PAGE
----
Nature has a review of a new book on worldwide groundwater depletion. Remember, we are losing glaciers and snowpack in important food-growing regions at the same time it appears we are seeing more extreme and long-lasting droughts. Groundwater overpumping seems to be a wound we are inflicting on ourselves at the same time we are dealing with these external threats.
Some 95% of unfrozen fresh water resides unsung and underground, dimly visible at the bottom of a well or gushing from a pump. Big cities such as Buenos Aires and entire countries, including Germany, depend hugely on groundwater. About 70% of it goes into irrigation, accounting for more than half of irrigated agriculture — which in turn provides nearly half of the global food basket. In large parts of India, groundwater is egregiously overdrawn. And everywhere, aquifers are poorly measured and managed. As a result, no scientific consensus exists on the details of this vast and vital source of fresh water — although there is consensus on the fact that we face a worldwide problem.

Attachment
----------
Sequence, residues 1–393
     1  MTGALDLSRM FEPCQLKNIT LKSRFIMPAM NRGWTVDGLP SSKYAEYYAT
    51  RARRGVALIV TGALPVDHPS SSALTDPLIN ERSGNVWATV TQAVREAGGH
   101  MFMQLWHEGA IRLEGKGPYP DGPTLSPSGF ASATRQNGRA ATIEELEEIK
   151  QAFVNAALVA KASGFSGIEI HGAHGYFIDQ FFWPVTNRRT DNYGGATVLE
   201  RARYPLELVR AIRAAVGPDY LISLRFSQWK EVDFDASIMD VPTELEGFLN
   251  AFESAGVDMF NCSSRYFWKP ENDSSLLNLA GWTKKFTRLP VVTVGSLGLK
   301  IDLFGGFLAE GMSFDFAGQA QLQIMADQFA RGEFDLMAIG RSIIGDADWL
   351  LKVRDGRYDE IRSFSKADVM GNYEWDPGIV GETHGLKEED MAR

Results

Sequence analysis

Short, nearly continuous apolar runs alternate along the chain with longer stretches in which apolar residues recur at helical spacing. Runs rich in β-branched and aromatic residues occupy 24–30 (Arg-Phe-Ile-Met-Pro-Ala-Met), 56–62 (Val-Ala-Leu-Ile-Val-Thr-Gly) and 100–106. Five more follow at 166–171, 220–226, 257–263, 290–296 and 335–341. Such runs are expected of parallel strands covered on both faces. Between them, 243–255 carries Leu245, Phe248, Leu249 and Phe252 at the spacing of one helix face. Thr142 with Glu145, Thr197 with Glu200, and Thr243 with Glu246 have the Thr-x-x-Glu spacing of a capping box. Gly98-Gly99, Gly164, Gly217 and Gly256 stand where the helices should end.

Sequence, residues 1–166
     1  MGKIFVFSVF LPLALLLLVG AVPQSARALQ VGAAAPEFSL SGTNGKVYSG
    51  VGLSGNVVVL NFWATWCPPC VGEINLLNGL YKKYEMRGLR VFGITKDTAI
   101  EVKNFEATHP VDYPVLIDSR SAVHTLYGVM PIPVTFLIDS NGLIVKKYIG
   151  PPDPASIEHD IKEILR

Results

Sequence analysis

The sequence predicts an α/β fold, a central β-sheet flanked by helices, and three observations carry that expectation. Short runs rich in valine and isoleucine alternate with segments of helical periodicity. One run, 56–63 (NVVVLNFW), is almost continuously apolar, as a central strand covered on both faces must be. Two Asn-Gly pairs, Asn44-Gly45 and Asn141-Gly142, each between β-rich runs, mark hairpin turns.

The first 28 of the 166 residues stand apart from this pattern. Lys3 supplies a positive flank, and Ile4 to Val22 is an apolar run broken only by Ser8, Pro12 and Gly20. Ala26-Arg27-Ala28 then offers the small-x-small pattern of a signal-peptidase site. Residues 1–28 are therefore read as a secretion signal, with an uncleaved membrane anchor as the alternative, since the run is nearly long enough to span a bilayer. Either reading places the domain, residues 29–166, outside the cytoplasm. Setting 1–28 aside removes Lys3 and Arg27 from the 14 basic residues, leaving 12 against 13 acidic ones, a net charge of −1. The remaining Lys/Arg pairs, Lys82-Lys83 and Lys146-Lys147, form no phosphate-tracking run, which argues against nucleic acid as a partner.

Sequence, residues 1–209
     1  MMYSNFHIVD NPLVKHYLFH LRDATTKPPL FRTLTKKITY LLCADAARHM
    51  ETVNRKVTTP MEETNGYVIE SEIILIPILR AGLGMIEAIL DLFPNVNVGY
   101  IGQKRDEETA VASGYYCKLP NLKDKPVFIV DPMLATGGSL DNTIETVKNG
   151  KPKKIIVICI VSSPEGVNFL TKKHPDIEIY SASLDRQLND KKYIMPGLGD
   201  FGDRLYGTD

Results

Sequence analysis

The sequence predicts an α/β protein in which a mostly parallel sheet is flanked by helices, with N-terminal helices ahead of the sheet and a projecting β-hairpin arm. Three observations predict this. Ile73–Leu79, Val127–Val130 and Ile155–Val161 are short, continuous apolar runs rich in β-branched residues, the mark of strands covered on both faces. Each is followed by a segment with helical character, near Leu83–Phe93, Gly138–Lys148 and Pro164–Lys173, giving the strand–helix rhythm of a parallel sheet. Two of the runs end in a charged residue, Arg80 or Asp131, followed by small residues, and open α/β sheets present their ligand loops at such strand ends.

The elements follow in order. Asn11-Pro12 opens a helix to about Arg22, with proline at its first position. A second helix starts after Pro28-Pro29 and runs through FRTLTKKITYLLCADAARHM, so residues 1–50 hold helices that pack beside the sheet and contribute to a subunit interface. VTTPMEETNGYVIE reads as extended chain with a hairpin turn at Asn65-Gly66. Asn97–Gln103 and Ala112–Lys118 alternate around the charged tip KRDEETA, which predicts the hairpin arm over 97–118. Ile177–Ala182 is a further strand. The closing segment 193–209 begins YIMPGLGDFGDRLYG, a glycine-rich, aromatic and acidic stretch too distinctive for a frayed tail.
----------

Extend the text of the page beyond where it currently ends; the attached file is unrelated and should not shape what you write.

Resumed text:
In High and Dry, hydrologist William Alley and science writer Rosemary Alley encapsulate the crisis in a description of the US High Plains Aquifer, which spans eight states from South Dakota to Texas. “This virtual ocean of groundwater, which accumulated over thousands of years, is being used up in decades,” they write. In three ways, the book provides a deep and broad understanding of groundwater use and abuse, mostly in the United States but with some international scope…
The well could empty for millions more. The United Nations Development Programme notes that, in 2011, more than 40 countries experienced water stress; of those, 10 have nearly depleted their renewable freshwater supply. By 2050, one in four people globally may be hit by periodic shortages. The near future could see refugee numbers swell, to include more people without water.